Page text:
3. You can see when your user enters the meeting as their name will appear in the participant list in the GTM app. You can also see whether they are connected to the phone or computer audio by the icon next to their name in the app.
  4. After thanking the participant, walk them through the screen share setup if they haven’t connected already.
  5. Press “Change Presenter” in the GTM desktop app. Normally, this will prompt them to download the desktop app, but if they have the Chrome extension installed, they won’t have to. Remind them to share their entire screen, not just the GTM screen.
  6. If you want to also see their face and they’ve agreed to using a webcam, direct them to the camera icon in the GTM in-browser view.  
  7. Make sure their web cam feed and their screen are visible on your desktop.
  8. Send them a URL via the chat function (something neutral like google.com) to make sure they can find and use chat. This way you’ll be able to send them links.

Now that you’ve done your technical check-ins, you can focus on scheduling the actual user testing sessions.

 

Scheduling

You should dedicate entire work days to user testing. That way you get in the flow of testing and won’t get interrupted by other tasks. For one of our projects, I dedicated two days to user testing with four sessions each day. Each session was an hour and I added time in between each session. When scheduling tests it’s helpful to give yourself 15–30 minutes in between sessions for you to debrief with your team. Take this moment to review your notes and figure out if there are any questions you would like to ask differently or explore different task during the next round of testing.

Since you are using an hour of someone’s time to conduct research, it’s important to provide an incentive to show your appreciation for agreeing to participate in your study.

 

Managing Incentives

Ethnio allowed us to use their site to deliver Visa gift card codes to the participants. When it comes to determining the value of the incentive, consider the value of the insights they will give you and how hard it was to recruit participants. If you know that the project you are working on has a very specific and unique user set, you may want to give them a larger incentive. Typically, we like to provide an $50 incentive for 30 minutes; $100 for 60 minutes. Don’t forget to include that incentive in the screener to attract participants.

 

Get to Know the Participants

The participant is going to be nervous. They have to speak to a complete stranger, answer non-stop questions and be recorded for an hour. In order for them to be comfortable and truly say what’s on their mind, the moderator needs to move the conversation past the typical “good morning” and “how’s your day going?”

Have a pre-interview script ready and ask them about  their experiences with the site. Get to know why they were on the site in the first place. Some questions we like to ask are:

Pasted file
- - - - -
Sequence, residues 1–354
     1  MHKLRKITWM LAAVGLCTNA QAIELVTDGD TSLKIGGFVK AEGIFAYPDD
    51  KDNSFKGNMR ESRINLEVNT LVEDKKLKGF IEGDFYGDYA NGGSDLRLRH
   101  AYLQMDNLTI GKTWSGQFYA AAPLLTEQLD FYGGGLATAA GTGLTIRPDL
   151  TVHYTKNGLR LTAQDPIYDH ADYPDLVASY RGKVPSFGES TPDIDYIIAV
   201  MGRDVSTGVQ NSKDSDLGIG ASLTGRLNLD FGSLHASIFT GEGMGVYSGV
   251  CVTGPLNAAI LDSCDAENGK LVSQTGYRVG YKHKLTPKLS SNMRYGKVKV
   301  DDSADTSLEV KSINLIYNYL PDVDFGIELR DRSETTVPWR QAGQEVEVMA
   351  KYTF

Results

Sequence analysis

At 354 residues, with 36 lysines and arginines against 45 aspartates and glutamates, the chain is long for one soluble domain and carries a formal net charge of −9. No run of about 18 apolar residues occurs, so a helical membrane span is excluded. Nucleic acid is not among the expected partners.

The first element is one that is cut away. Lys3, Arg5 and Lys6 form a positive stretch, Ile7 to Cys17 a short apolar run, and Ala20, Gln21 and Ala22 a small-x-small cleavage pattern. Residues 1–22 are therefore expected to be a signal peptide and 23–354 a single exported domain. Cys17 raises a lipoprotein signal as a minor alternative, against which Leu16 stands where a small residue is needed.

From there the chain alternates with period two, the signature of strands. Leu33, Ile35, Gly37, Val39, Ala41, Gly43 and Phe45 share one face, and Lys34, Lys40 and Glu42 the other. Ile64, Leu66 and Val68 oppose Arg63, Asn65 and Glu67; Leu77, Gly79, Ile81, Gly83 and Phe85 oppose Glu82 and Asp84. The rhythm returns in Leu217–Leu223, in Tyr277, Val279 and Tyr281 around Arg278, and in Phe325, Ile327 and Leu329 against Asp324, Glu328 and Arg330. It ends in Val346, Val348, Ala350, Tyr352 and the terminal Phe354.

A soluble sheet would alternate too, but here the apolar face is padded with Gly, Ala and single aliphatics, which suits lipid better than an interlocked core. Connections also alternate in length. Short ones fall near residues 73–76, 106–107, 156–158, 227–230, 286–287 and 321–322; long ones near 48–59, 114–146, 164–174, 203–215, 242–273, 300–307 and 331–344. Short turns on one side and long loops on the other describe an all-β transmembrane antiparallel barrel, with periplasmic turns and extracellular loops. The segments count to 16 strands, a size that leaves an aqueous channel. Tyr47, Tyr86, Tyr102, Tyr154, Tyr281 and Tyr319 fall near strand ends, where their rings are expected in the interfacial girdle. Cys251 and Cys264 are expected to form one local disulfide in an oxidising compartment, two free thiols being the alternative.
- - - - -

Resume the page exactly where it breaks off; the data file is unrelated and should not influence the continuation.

1. Name
  2. Age
  3. Occupation, if relevant
  4. How they discovered the site?
  5. What were they trying to do on the site? Read an article or purchase an item?
  6. What is their level of knowledge of what the site provides?
  7. How often do they go to the site?

Then ask them questions based on their answers. If they mention they were purchasing a specific item, ask them why or for whom. Following up based on their answers can help you figure out what experience the user was having on the site. From there on it becomes easier to walk through the prototype, make a few jokes and really hear about their experience with the design.

Once you follow these steps, and get through the first hurdle of getting to know a participant, you should be ready for testing. Following all of these steps will make your remote user test go smoothly. Now all you have to focus on is developing your script to facilitate the conversation. Good luck and get to testing!

 

UX

New Manager Tools

This article leans slightly towards Technology Management but is applicable across disciplines

You've been a great senior resource, you've lead a team or a project, and you've made the decision, along with your manager to transition to some kind of management role. If you are still thinking about it, or wondering what it will be like, start here: This 90-Day Plan Turns Engineers into Remarkable Managers. This article will give you all of the thought starters your need to decide if management is something you want to pursue.

Below are some required reading to add to your utility belt. Start taking a read through these, and make sure you block off the appropriate amount of time each week to continue your learning! This list is meant to be a starting point for new managers, not an all inclusive list of manager resources

Books

  • Managing Right for the First Time – This book is intended as a field guide for first time managers, or for managers who want to begin doing a better job. David Baker worked closely with 600+ companies and interviewed more than 10,000 employees, then summarized the findings in an interesting and eminently readable form. Read this book and you're likely to understand management and leadership like you never have before, but also learn very practical steps toward becoming a better manager and leader.
  • Getting Things Done: The Art of Stress-Free ProductivityNote: I'm not advocating for using the GTD system. Use what works for you. However, the first half of this book is a gold mine for how to think about planning, resources, and managing your own and other's tasks. I personally do use GTD, but the lessons, and the way of thinking that this book opens up is transferable to any system. It got me thinking about planning and delegating in different and exciting ways. Read the introduction and I guarantee that you'll see scenarios you recognize and want to scream YES, YES I DEAL WITH THIS. I HATE IT! HOW DO I FIX IT?